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Falling in Love with the Earth

November 8, 2015

falling in love with the earth

It’s the third ceremony, mid-way through my last ten-day dieta. My Shipibo maestro is at least half-way through the long opening icaro he sings to protect the space. My mareación is at its least manageable stage. I’ve spent most of the time lying down trying to concentrate on the words of the icaro and practice synaesthesia, that is trying to convert the sounds of the icaros into visual images.

I look over to where my Maestro is sitting and can just make him out in the moonlit darkness. My good friend is sitting next to him. She is sitting very upright in a classic lotus position, very focused. As I look at her, I can make out the colors of the line of chakras in her body.

I think to myself that I must sit up. I struggle to sit up, stay seated for a short while, and then revert to lying down. I hear my friend telling me without words: “Its OK. I will be the masculine for a while. You can surrender and lie down.”

Instead of struggling to stay attentive to the sounds, I let myself sink into the mat I am lying on. Deeper and deeper. Then I feel that I am being held, not physically but psychically and I realize it is the earth who is cradling me. Not just me, but she is holding all of us all the time. And it is so extraordinary that we do not usually feel and/or ignore this.

Actually, its ugly, stupid and cruel as well as extraordinary. We willfully deny, strongly supported by our culture’s patriarchal worldview, that we owe our lives to this mother, that every breath we take is because of her. And its worse. Not only do we deny her, we reject her and like to act as if we are independent of her –  “Strutting around like some lord of misrule”, as the brilliant Scottish folk-singer Alasdair Roberts puts it in his song ‘I am a Young Man’.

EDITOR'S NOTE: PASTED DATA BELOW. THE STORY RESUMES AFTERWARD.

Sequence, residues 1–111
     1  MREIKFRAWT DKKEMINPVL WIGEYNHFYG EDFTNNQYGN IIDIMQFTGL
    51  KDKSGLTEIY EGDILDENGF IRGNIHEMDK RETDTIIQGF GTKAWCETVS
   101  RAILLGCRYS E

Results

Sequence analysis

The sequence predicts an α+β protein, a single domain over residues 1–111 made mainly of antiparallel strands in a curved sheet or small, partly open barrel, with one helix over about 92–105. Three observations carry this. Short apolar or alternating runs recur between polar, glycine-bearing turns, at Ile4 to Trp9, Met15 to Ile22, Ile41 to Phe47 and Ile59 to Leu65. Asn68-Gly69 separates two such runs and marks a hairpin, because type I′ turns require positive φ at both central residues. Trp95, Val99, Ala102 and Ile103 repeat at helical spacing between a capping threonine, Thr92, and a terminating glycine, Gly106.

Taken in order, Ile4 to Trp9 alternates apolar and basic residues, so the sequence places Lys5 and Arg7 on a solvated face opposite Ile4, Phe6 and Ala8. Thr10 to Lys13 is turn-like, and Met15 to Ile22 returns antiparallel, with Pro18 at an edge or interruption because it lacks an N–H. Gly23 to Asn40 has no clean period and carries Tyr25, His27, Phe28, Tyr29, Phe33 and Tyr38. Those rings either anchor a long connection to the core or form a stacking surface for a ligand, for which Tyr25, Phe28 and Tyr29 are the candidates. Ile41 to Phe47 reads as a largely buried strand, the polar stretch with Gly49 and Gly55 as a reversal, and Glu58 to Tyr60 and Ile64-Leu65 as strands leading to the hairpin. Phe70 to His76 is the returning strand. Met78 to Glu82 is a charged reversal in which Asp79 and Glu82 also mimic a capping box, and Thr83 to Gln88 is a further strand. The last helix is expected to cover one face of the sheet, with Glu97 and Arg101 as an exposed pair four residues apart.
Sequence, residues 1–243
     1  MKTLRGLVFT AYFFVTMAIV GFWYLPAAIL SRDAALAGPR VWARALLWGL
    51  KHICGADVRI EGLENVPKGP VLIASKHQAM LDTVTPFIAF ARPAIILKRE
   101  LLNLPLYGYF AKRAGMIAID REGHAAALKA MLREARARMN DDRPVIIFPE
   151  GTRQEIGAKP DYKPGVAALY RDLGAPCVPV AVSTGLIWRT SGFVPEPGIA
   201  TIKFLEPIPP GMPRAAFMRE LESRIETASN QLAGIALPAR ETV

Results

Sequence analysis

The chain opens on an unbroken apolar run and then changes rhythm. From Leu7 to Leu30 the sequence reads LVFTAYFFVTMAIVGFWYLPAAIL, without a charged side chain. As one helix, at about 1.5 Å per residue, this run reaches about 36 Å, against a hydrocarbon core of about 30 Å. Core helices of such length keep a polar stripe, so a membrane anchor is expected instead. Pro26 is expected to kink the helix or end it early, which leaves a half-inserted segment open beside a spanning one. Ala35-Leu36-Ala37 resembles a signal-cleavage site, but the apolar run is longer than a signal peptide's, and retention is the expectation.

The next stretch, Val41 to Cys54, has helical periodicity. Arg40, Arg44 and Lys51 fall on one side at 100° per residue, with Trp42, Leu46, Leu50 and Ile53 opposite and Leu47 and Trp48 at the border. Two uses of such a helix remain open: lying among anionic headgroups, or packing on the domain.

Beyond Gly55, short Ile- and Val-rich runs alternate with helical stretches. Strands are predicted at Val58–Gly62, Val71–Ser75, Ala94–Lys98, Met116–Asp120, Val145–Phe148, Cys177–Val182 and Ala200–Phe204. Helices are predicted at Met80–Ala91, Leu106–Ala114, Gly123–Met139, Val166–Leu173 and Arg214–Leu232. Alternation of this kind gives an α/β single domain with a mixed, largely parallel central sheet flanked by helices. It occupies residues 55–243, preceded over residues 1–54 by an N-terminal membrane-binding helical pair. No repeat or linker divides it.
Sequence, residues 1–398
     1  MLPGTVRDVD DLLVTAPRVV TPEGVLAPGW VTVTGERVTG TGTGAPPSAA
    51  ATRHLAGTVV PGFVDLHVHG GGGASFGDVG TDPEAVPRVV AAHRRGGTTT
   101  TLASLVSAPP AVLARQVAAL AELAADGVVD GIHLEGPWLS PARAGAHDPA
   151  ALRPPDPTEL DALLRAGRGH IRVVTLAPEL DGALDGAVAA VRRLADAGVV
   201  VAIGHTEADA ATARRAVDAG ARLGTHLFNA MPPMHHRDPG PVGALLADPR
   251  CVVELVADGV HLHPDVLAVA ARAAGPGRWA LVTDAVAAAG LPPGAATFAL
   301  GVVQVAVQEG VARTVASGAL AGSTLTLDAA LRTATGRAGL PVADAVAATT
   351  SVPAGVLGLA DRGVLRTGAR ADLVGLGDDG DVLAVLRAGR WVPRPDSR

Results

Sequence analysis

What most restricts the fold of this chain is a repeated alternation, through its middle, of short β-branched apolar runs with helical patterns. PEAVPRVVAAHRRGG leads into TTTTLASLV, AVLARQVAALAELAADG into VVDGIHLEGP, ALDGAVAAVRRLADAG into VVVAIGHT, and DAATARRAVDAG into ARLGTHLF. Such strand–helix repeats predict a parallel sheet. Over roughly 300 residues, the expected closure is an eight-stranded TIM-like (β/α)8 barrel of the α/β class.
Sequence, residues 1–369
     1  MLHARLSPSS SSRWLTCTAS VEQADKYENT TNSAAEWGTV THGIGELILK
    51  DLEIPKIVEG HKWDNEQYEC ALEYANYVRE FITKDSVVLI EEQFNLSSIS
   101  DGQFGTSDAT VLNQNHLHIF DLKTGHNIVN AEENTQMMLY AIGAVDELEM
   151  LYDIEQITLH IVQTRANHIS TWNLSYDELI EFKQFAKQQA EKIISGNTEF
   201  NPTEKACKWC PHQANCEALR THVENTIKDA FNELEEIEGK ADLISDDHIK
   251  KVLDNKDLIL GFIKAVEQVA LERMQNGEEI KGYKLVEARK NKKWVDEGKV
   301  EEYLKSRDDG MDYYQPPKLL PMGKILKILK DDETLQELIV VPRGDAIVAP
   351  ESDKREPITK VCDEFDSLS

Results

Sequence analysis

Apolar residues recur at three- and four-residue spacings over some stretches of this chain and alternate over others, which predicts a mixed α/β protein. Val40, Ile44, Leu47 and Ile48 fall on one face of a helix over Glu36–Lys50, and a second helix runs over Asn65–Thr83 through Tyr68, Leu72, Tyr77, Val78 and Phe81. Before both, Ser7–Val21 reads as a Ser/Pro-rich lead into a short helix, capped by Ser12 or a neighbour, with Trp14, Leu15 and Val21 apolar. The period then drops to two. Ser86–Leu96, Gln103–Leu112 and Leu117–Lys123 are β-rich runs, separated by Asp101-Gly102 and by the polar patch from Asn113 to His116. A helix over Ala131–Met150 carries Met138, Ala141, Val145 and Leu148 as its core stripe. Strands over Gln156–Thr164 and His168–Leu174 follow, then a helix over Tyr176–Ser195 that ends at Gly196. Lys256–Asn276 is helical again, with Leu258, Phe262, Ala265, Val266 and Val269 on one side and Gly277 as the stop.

And its even worse. Not only do we want to have this arrogant, deeply mistaken sense of independence from her, additionally we are poisoning her air, lands, and waters.

Similar points were beautifully expressed in a very good documentary called ‘Goddess Remembered’, which I  recently watched recently on the internet, about the old Goddess religions and their current revival. The documentary shows how the old hunter-gatherer societies in which the goddess was universally worshiped for 35,000 years (which puts 2,000 years of Christianity into context!) changed into more settled agricultural societies about 10,000 years ago with the beginning of the Neolithic revolution. At this time, the overall organizing metaphor changed from nourisher to conqueror.

mosquito 5Fortunately, like all good mothers, the earth is forgiving. But her patience is running out. And her storm-troopers, her most loyal guards, are still on call, awaiting her orders to wage jihad against humans.

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9 Comments
  1. Daniel Parent permalink

    Thanks Paul! The Chalice and the Blade (Riane Eisler) speaks much on this topic…

  2. CosmicDrBii permalink

    Thanks for your comment Daniel. I found a very good summary and review of Eisler’s book, which I had heard of but don’t know, here: http://www.christinehoffkraemer.com/eisler.html

    From this review: